Published by Little Brown on Aug. 2012
Where’d You Go, Bernadette has been a major buzz book since its publication nearly a year ago, and I finally got around to requesting it from the library! I really had no idea what to expect from this book when I got it: something about a missing mother, going to Antarctica, and an epistolary format? What sealed the deal for me to read this book was finding out that Maria Semple used to be a writer for Arrested Development, one of my favorite TV shows. I knew that if this book was even half as funny as the show, I would love it. It was, and I did!
Bernadette Fox is a reclusive former architect who abandoned her promising career when the Huge Hideous Thing happened to her. Now living with her husband and exceptionally bright middle-school-aged daughter, Bee, in Seattle, Bernadette makes an eccentric character, to say the least. She refuses to participate in Bee’s private school programming, hates leaving the house, rants about everything from Canadians to the difficulty of parking in Seattle, and hires a virtual assistant in India to carry out even her most basic tasks.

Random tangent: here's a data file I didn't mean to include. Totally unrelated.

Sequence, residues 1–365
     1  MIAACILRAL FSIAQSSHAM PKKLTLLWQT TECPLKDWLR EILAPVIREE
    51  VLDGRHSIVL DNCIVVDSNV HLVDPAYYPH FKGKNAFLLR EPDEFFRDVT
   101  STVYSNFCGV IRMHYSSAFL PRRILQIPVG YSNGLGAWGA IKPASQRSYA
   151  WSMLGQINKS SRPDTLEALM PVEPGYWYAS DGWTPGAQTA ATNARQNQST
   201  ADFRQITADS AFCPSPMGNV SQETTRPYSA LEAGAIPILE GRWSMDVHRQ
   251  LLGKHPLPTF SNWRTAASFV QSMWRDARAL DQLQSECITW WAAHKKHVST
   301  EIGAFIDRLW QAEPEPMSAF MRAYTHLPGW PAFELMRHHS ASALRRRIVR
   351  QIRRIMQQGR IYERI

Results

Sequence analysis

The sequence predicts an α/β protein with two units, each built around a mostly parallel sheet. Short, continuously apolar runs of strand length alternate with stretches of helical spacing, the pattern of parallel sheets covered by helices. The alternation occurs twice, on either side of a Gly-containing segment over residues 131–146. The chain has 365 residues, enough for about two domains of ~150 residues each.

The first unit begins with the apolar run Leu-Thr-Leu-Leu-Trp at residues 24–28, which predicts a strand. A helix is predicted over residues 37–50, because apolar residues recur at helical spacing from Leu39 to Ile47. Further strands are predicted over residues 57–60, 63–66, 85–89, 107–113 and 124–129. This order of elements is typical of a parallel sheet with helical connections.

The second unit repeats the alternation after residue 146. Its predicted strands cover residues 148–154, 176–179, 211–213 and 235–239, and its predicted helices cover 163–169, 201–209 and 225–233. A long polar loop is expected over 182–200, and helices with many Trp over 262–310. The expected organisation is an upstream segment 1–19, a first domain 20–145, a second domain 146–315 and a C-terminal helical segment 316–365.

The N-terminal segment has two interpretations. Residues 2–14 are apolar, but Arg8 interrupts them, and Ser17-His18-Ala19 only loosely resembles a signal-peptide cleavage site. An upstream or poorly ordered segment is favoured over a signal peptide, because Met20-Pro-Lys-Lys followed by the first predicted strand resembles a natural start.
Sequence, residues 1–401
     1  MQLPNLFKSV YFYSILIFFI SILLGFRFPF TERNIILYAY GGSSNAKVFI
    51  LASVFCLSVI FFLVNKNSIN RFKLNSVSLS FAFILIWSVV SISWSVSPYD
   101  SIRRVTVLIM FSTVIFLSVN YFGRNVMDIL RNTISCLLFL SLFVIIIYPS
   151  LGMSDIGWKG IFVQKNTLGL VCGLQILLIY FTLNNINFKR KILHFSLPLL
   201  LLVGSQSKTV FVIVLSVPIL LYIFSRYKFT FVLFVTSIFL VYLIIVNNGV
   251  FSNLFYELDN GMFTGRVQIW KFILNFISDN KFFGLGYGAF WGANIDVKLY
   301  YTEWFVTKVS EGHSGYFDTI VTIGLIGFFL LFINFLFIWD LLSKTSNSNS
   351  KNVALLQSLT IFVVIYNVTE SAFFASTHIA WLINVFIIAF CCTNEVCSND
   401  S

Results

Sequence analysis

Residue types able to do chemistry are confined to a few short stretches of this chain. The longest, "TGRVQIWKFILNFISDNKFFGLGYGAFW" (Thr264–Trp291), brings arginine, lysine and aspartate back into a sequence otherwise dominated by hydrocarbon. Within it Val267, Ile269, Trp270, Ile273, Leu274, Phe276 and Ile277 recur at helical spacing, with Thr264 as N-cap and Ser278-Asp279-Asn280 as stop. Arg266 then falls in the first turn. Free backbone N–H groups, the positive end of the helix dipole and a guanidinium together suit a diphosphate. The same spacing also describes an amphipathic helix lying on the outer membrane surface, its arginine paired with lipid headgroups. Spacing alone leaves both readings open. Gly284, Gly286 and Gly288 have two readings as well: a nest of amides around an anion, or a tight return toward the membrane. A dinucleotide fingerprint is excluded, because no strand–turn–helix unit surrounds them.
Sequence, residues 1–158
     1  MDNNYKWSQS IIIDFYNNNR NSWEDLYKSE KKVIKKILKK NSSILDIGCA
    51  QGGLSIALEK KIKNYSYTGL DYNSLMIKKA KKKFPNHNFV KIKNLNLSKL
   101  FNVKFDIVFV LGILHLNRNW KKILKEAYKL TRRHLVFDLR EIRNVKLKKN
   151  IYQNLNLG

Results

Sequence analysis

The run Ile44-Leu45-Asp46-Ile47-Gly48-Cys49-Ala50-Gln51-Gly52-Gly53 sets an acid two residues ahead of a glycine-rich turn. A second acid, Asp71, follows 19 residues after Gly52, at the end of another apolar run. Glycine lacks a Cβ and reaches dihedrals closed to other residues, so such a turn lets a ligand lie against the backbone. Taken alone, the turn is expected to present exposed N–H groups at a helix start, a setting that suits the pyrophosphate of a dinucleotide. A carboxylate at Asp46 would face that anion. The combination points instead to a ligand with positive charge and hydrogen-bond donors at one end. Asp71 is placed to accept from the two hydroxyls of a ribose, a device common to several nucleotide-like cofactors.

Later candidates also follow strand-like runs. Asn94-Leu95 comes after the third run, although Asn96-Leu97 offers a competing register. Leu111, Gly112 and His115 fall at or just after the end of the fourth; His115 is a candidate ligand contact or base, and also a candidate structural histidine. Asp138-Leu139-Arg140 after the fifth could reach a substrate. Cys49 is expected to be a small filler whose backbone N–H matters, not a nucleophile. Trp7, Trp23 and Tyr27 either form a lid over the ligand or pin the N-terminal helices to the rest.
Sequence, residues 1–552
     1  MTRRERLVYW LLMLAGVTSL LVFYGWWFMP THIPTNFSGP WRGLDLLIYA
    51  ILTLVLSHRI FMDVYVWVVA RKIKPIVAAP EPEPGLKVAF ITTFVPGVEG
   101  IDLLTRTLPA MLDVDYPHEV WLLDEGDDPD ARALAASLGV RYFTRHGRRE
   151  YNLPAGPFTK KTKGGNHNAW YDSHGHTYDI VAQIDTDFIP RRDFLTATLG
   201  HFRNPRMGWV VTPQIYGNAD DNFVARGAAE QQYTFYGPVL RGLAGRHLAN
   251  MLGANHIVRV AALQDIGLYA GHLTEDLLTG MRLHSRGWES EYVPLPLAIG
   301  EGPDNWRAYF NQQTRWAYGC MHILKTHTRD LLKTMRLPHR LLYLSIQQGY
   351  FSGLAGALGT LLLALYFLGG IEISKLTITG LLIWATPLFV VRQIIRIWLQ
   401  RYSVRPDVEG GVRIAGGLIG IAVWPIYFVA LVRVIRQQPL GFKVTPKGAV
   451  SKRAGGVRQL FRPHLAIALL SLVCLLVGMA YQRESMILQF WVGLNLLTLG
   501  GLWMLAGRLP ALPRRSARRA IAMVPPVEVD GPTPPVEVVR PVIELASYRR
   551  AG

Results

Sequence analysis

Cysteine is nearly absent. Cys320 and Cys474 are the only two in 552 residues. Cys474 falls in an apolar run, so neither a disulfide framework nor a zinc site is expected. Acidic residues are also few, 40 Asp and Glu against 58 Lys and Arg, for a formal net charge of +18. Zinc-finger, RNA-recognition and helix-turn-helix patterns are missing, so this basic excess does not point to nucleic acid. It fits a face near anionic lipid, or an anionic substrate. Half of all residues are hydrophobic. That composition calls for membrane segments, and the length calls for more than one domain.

When Bee asks for a family trip to Antarctica as a reward for earning straight A’s (S’s actually, because she goes to “one of those liberal, grades-erode-self-esteem-type schools”), everything begins to fall apart. Paired with her already strained mental state and a feud with a neighbor over some wild-growing blackberry bushes, the prospect of cruising the Antarctic with her debilitating motion sickness is too much for Bernadette. She vanishes, leaving her husband, an influential Microsoft executive, and Bee to pick up the pieces.
Desperate to find her missing mother, Bee sifts through emails, notes, magazine articles, invoices, letters from the school, and other correspondence for clues. In doing so, she assembles a picture of her mother that she never saw before, including the event that unravelled her career and damaged her psyche.
Where’d You Go Bernadette is written in an epistolary format, and the story is made up of the various communications Bee reads as she tries to make sense of Bernadette’s disappearance and figure out where she is.
I really enjoyed this novel and can see why it’s gotten so much attention! The epistolary format was an interesting approach, as the various correspondences allow us to see Bernadette through many lenses — her daughter, her husband, other moms at Bee’s school, architects she worked with, and her own narration.
This would make a perfect beach read this summer, if you haven’t read it yet. It’s really funny — I may have laughed out loud a few times (okay, many times) — and on the lighter side, but I wouldn’t call it fluffy. It’s quite smart, and although I thought the story got a little bit convoluted toward the middle, it was a lot of fun to read!